March 24, 2014 | by Josep Pla
In 1918, when Josep Pla was in Barcelona studying law, the Spanish flu broke out, the university shut down, and Pla went home to his parents in coastal Palafrugell, Spain. Aspiring to be a writer, not a lawyer, he resolved to hone his style by keeping a journal. In it he wrote about his family, local characters, visits to cafés; the quips, quarrels, ambitions, and amours of his friends; writers he liked and writers he didn’t; and the long contemplative walks he would take in the countryside under magnificent skies. Nearly fifty years later, Pla published his youthful journal as The Gray Notebook, the first volume and capstone of the great Catalan writer’s collected works.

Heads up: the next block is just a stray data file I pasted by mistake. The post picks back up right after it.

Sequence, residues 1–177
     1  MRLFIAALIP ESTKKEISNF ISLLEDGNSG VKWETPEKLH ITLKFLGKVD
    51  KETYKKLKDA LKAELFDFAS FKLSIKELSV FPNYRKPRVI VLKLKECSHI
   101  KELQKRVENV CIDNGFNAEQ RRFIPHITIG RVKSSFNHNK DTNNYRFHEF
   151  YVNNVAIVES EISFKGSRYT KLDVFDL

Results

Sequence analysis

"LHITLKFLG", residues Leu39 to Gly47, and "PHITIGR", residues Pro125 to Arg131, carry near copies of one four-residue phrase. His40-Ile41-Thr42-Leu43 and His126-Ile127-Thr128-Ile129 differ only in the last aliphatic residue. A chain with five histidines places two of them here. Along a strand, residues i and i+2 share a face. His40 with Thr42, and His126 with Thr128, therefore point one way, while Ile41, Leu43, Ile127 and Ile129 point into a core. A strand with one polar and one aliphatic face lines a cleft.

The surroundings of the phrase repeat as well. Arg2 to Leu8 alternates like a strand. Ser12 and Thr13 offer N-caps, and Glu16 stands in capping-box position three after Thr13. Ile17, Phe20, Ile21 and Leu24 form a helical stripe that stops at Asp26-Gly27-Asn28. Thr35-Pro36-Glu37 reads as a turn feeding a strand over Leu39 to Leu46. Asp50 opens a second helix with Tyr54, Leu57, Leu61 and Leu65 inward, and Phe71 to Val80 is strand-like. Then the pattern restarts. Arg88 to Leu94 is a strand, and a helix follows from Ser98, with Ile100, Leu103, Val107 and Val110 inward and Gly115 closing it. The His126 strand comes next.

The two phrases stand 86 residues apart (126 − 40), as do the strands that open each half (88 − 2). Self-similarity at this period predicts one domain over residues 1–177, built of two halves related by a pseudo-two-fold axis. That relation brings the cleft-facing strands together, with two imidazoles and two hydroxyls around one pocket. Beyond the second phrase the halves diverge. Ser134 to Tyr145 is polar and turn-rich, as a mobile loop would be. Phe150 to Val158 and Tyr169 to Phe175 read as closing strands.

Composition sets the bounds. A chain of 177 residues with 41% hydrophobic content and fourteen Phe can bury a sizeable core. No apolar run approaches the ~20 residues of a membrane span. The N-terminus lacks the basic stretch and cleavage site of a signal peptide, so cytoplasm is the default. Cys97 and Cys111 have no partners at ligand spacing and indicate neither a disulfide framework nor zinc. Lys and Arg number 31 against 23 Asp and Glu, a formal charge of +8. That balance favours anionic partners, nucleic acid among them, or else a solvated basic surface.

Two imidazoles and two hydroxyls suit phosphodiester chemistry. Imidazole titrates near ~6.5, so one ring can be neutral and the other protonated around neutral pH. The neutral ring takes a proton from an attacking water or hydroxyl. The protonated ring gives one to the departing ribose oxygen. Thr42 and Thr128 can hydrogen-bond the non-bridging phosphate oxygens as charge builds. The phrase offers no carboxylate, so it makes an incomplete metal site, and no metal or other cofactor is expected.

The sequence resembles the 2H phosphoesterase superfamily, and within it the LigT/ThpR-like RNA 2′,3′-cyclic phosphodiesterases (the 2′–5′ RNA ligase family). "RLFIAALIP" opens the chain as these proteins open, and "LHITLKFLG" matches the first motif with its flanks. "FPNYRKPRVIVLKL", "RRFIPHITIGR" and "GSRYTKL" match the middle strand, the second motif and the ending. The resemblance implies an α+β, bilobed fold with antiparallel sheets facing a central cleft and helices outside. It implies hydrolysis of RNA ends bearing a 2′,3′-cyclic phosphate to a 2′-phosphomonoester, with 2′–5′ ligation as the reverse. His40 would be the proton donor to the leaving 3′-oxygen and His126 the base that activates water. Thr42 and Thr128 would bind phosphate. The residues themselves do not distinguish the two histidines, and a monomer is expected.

3 November 1918, Sunday. Spent with friends. Piera the tailor, Bonany, et cetera. I walk up to Sant Sebastià. A beautiful afternoon. The sinuous ribbon of road draws the loveliest afternoon light. I hear someone chopping wood in the distance. A donkey brays in a remote spot. A black-and-white magpie jumps over the green alfalfa. When I walk past Ros, I think, as I always do: I wish I owned Ros, the vineyard and the pinewood. By the hermitage, total solitude. Opposite Calella, boats—bobbing like walnuts—fish for squid. Two brigs appear on the Italian horizon, driven by a northeasterly wind. The sea is purple-edged beneath the hermitage terrace. Far out at sea, opposite Tamariu, another sailing ship is returning. A crabbing boat sails slowly by Cape Begur. An empty steamer passes arrogantly by, very close to land, spitting large mouthfuls of water overboard in fits and starts—like a dog barking. The water on the horizon turns deep violet; the water by the strip of land darkens. We circle the hermitage, marveling, awestruck. The afternoon seems in limbo, abstracted from time—a creation of the mind. If I could imagine or create another world, it would be a world like this.